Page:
Thus thou must do, if thou have it;
And that which rather thou dost fear to do
Than wishest should be undone.
This passage is one of the most misunderstood in all of Shakespeare's works. The best explanation I have encountered comes from editor Kenneth Muir:
The chief difficulty here is the extent of the quotation. Pope put the whole passage in inverted commas [British name for quotation marks], and he has been followed by most editors (i.e., "Thus...undone"). Hanmer, Capell, Verity, Wilson and others end the quotation at the end of line 23. Hunter (Illustrations, ii. 172) only marks "Thus thou must do" as such. I think he is right, because that which cries is the crown, and if "it" were part of the quotation one would expect "me" instead. As Verity explains, "thou'ldst have" has two objects, the crown and the murder by which the crown may be obtained (24-5)." (Shakespeare, William. Macbeth. Kenneth Muir, ed. London. Methuen, 1953. [p.p.28])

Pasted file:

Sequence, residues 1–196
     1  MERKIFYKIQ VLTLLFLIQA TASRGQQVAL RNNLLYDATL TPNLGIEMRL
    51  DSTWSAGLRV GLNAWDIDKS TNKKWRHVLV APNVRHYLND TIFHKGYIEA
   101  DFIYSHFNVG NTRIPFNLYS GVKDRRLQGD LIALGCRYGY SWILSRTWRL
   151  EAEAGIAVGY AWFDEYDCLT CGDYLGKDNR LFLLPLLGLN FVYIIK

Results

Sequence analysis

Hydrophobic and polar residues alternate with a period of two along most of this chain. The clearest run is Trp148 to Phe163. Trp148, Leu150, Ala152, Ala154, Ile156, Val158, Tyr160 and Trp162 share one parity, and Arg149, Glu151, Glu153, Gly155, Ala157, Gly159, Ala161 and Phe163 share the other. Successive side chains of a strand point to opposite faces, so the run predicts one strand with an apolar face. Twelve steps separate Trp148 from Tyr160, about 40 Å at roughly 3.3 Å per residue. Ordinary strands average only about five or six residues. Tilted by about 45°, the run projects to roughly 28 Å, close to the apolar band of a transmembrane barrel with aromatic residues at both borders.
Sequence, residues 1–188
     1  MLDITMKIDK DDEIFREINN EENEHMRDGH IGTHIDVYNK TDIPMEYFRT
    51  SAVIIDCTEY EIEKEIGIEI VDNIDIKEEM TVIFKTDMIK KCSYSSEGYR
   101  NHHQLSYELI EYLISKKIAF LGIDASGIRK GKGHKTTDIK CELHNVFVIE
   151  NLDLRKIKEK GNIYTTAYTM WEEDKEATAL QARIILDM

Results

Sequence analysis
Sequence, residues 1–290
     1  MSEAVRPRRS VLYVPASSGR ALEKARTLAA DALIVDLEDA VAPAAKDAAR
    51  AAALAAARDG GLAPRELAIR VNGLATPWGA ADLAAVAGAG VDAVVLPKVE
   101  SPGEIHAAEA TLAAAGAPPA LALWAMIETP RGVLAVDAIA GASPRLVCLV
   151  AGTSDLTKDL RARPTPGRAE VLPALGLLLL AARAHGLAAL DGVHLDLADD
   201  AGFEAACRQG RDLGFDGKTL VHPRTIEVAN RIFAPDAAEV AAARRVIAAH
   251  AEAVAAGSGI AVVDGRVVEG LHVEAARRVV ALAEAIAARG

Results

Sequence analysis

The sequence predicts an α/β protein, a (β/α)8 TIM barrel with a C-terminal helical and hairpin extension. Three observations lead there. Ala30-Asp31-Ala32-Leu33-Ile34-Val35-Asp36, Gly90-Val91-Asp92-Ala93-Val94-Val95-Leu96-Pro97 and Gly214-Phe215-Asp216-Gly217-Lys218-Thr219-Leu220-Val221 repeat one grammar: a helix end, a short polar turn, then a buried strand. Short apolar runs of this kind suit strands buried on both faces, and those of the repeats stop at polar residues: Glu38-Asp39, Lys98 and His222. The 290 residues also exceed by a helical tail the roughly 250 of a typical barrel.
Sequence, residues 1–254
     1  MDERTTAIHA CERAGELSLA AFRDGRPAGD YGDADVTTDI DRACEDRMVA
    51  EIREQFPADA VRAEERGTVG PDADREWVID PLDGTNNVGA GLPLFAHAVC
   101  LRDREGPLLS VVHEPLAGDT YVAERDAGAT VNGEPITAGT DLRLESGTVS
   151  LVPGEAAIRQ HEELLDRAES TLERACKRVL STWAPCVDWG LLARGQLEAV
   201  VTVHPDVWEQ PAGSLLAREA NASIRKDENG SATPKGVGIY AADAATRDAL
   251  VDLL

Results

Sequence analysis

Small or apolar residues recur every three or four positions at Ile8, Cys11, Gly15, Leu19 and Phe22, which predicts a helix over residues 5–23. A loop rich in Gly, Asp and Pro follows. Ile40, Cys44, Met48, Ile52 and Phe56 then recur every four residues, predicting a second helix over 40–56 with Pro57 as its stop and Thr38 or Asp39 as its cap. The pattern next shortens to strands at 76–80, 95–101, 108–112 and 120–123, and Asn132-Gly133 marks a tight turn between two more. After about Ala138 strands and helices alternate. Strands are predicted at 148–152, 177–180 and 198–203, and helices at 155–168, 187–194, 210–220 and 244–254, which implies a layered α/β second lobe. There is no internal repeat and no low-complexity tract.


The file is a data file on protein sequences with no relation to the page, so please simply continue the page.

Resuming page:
How to cite this article:
Mabillard, Amanda. Macbeth Glossary. Shakespeare Online. 20 Aug. 2000. (date when you accessed the information) < http://www.shakespeare-online.com/plays/macbeth/macbethglossary/macbeth1_1/macbethglos_beundone.html >.